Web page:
Here is the latest diabetes technology news we’ve heard about in the last month:
Funding for cheap pumps
Asante, the makers of the Snap insulin pump, are raising $45 million in an initial public offering to help expand the pump’s reach in the commercial market, according to a FierceMedicalDevices report. The pump is being touted by Asante for its affordability and simple design. The Snap pump sells roughly for a thousand dollars, and it is loaded with prefilled insulin cartridges. Currently, Asante has only captured a fraction of the pump market.
Medtronic’s artificial pancreas progress
Medtronic is continuing to put the pieces together to create a commercial artificial pancreas system. This past month, the company announced it has completed global evaluations of a new insulin delivery system that can react to predictions of blood glucose level trends. According to an article in FierceMedicalDevices, the new system would be able to detect when blood glucose levels were approaching a preset level and suspend insulin delivery until it detects those levels righting themselves. Any closed-loop artificial pancreas system must correct for lows without user input, or at least with minimal user input.
A life-vest for your CGM
Many a day at the beach has been ruined when a continuous glucose monitor meets water. Now, there’s a Kickstarter campaign to prevent future water-induced tragedies. A company known as dShell is attempting to raise $23,000 to design a waterproof covering for continuous glucose monitors that would work in up to three meters of water. The entrepreneurs pledge to donate 3% of the funds raised to the Diabetes Hands Foundation.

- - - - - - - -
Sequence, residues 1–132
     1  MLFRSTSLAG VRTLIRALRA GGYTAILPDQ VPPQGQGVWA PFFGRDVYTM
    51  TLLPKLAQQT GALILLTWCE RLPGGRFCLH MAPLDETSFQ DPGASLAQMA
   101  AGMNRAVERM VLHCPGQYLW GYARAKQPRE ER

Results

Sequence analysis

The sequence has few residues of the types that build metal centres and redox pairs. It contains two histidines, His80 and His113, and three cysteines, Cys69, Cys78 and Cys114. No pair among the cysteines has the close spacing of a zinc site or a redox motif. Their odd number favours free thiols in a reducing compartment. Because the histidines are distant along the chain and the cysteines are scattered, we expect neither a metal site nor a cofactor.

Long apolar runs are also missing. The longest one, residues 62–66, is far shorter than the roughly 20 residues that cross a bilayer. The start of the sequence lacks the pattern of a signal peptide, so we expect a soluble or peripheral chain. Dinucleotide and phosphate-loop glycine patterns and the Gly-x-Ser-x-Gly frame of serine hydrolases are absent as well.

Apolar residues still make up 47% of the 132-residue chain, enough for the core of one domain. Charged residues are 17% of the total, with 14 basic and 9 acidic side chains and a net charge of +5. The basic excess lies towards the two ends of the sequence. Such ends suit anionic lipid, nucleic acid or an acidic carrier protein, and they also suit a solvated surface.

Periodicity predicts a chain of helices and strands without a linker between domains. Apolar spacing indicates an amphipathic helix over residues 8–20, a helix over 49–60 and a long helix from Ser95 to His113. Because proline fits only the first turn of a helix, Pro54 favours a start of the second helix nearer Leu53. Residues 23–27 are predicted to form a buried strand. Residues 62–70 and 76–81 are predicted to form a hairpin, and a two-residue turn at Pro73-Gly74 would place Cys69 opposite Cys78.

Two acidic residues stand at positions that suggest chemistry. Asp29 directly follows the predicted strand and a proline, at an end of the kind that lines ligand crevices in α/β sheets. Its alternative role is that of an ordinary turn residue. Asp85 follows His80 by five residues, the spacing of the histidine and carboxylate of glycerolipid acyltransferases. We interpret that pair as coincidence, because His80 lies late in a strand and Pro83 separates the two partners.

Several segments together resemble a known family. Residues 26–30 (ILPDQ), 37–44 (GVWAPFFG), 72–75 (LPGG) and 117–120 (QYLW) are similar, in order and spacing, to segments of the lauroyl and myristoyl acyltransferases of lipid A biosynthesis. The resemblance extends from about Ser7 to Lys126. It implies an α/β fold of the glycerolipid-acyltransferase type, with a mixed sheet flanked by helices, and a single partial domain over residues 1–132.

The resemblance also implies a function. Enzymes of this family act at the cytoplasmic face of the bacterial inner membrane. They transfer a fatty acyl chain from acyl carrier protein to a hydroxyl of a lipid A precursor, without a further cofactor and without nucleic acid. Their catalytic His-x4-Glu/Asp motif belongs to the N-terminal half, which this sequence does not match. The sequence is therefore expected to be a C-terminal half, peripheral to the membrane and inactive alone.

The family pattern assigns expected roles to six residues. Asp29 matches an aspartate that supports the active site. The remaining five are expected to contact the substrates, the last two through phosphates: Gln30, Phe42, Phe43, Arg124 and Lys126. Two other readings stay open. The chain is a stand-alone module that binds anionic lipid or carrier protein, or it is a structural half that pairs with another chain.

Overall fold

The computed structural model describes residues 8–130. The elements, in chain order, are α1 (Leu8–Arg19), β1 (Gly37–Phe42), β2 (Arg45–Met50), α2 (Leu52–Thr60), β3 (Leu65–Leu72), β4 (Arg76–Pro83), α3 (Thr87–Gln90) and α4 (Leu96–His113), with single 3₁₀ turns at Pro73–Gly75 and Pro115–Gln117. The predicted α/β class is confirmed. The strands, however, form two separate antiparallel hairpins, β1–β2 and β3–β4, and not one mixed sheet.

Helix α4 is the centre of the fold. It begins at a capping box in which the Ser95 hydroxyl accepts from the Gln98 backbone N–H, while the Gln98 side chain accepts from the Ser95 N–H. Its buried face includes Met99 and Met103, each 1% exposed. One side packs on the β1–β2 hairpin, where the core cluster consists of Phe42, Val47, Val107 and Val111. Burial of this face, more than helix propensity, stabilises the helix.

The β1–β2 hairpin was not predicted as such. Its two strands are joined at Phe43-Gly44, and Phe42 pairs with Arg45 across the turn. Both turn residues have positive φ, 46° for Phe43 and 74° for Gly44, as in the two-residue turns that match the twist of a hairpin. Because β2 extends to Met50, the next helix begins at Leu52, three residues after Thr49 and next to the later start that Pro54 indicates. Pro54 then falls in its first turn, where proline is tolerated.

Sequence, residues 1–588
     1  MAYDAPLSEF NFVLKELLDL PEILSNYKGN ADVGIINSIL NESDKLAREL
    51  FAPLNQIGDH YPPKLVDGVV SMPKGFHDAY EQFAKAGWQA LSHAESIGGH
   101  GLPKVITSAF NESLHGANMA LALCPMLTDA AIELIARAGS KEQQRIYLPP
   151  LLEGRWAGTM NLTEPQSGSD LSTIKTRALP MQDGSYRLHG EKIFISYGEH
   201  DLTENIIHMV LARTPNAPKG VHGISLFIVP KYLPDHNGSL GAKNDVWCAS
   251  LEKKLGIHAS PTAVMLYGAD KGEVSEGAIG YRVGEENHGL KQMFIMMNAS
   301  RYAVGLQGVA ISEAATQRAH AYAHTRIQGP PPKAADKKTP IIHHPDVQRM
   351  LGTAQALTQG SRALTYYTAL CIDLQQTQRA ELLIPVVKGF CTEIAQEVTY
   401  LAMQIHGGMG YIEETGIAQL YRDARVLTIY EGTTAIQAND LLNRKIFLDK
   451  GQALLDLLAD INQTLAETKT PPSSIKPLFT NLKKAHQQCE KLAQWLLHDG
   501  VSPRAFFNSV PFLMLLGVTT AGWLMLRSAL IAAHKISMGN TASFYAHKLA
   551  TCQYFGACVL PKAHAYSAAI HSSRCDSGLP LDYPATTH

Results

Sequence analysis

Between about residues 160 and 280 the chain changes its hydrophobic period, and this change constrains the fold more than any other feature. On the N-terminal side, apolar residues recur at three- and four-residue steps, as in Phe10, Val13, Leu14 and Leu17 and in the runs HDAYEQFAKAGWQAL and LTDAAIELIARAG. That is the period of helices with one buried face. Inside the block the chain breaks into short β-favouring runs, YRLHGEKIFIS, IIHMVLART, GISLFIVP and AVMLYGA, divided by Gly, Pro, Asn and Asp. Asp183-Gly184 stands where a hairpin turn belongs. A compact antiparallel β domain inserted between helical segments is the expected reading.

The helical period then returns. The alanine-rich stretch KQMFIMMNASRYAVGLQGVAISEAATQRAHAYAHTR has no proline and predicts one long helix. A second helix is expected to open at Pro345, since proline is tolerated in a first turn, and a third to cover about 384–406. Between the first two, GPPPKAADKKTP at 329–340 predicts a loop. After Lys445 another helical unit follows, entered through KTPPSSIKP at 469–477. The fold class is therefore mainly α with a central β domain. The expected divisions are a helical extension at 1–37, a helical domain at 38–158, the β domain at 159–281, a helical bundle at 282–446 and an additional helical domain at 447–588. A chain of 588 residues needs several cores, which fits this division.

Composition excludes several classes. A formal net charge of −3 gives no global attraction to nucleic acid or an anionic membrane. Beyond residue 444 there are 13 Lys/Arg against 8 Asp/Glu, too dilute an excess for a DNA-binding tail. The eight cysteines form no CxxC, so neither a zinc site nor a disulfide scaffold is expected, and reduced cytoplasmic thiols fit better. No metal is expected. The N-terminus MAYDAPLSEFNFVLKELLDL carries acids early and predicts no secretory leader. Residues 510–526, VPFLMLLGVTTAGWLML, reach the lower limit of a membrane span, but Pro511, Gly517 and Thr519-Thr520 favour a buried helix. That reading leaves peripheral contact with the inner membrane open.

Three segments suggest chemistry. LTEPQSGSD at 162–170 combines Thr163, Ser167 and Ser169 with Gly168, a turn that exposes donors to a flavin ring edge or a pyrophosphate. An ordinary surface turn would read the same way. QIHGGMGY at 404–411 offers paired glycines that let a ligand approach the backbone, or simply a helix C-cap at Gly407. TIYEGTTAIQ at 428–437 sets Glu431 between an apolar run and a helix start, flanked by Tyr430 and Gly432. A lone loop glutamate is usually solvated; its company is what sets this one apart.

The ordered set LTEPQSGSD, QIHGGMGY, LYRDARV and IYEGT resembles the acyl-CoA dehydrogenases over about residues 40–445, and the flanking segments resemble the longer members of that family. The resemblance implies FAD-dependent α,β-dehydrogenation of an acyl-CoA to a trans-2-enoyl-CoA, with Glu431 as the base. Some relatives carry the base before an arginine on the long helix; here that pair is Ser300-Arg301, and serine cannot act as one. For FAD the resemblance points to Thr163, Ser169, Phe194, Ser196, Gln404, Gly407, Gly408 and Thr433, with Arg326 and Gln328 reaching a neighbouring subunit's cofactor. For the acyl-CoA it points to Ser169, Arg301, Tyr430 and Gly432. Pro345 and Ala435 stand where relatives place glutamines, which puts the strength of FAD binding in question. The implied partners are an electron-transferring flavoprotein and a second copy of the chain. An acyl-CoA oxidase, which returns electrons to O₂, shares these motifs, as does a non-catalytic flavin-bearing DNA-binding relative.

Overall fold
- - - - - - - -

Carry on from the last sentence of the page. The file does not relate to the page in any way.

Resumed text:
Groupthinking your blood sugar levels
A new app is being launched that helps others monitor your blood glucose levels from a distance, and be alerted when those levels fall out of a preset range. myDiabeticAlert is a free app available on Android that allows people with diabetes to share blood sugar data with physicians, caregivers, and others in a way that the makers say is compliant with privacy laws concerning health records. It represents another attempt to work around the fact that most data collected by diabetes devices aren’t wirelessly accessible on in the cloud.
New pain relief option for neuropathy
Neuromatrix, one of the few companies that has focused on creating nerve-stimulating devices to help treat diabetic neuropathy, is set to unveil its next generation pain relief device this month. The Quell is a small, externally-worn device that is reported to stimulate nerves in a manner that blocks pain caused by many chronic conditions, including diabetic neuropathy, according to a press release published in medGadget.
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